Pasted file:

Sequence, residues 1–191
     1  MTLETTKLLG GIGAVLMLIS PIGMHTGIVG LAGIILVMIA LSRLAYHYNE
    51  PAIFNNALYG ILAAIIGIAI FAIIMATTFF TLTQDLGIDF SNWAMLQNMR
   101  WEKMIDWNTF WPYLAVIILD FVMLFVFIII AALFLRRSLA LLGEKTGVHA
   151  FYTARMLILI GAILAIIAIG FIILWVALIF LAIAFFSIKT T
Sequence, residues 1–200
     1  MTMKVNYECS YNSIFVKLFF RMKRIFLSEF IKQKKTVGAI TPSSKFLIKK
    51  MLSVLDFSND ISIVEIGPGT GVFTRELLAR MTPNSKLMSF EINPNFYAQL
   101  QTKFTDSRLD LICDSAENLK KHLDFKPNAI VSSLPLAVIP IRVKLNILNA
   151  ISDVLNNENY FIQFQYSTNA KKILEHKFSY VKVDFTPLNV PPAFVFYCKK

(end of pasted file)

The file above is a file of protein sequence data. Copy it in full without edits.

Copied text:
Sequence, residues 1–191
     1  MTLETTKLLG GIGAVLMLIS PIGMHTGIVG LAGIILVMIA LSRLAYHYNE
    51  PAIFNNALYG ILAAIIGIAI FAIIMATTFF TLTQDLGIDF SNWAMLQNMR
   101  WEKMIDWNTF WPYLAVIILD FVMLFVFIII AALFLRRSLA LLGEKTGVHA
   151  FYTARMLILI GAILAIIAIG FIILWVALIF LAIAFFSIKT T
Sequence, residues 1–200
     1  MTMKVNYECS YNSIFVKLFF RMKRIFLSEF IKQKKTVGAI TPSSKFLIKK
    51  MLSVLDFSND ISIVEIGPGT GVFTRELLAR MTPNSKLMSF EINPNFYAQL
   101  QTKFTDSRLD LICDSAENLK KHLDFKPNAI VSSLPLAVIP IRVKLNILNA
   151  ISDVLNNENY FIQFQYSTNA KKILEHKFSY VKVDFTPLNV PPAFVFYCKK